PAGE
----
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This article is written by a student writer from the Her Campus at Wells chapter.



I know we’ve all updated our resume about a million times, but there are always little improvements to be made that can help you land that job. Some of these tips are pretty simple but can make a big difference to the person reviewing your resume.


Don’t name your resume ‘resume’

This is something that I catch myself doing a lot when I update my resume. I usually name it ‘resume’ or ‘updated resume’ and forget to change it before sending it out. It’s actually better to name the file your first and last name. This way the person reviewing your resume will know whose resume is whose and won’t have to navigate a dozen resume files all named resume.


Save your resume as a PDF

So I know we all like to mess with the formatting of our resumes, and that’s great because unique formatting can make your resume stand out! The only issue is that when saved as a word document the formatting doesn’t always stay the same when viewed on another computer. The best way to ensure your formatting saves correctly is to save the file as a PDF.


Don’t put your address

I know resume examples often include a spot to put your home address, but don’t use it. No one is sending you mail because you submitted a resume. Do put an email address and a phone number so they can reach you. The only thing an address is used for is to see if you would need to relocate for the position.


Keep it under 1pg

This is a good tip to keep your resume straight to the point. Whoever is reading your resume is likely reading at least dozens of others. You want your resume to be informative and intriguing, but not a dense read. Keep it succinct and relevant so you can get the interview and expand on anything you had to cut short in the resume. The only exception to this rule is if you have 10+ years of relevant experience.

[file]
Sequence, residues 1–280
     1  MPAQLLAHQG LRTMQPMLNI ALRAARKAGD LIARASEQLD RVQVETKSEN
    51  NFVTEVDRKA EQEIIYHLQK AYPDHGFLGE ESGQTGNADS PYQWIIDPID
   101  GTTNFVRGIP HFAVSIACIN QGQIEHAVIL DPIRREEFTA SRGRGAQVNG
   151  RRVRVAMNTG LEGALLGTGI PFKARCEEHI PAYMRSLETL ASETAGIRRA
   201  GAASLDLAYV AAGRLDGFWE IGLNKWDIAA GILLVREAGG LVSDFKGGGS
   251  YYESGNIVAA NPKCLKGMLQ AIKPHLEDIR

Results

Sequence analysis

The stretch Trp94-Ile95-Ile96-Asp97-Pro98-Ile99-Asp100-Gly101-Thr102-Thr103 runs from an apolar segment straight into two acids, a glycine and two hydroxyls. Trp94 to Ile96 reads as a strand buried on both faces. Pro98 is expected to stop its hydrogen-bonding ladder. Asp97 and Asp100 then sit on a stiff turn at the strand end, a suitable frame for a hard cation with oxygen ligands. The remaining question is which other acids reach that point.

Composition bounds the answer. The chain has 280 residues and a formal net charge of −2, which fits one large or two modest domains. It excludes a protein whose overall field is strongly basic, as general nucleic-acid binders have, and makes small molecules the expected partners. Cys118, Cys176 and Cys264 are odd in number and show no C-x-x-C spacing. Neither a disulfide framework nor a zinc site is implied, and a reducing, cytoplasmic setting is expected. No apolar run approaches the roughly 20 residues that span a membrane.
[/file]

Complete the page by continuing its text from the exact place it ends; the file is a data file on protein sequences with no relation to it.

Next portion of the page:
Include your expected graduation date

If you are working towards a degree, make sure to let your possible employer know when you expect to receive your degree. People often put something like 2017-present and assume the 4 year undergrad standard is enough to inform the reader when they expect to receive their degree. This is a vague way to convey information and employers won’t automatically assume when you’re going to graduate if you don’t tell them. All you need is 2017- expected 2021 and this will solve a lot of guesswork for your possible employer.

These are some basic tips that are pretty easy to check your resume for and will actually make a difference in the hiring process. Always make sure you’re as clear and relevant as possible in all parts of your resume, and remember it’s okay to cut stuff that you would want to expand on in the interview. This is just to get your foot in the door.

Amy Storti

Wells '21

Wells College Class of 2021 English Literature Major
Wells Womxn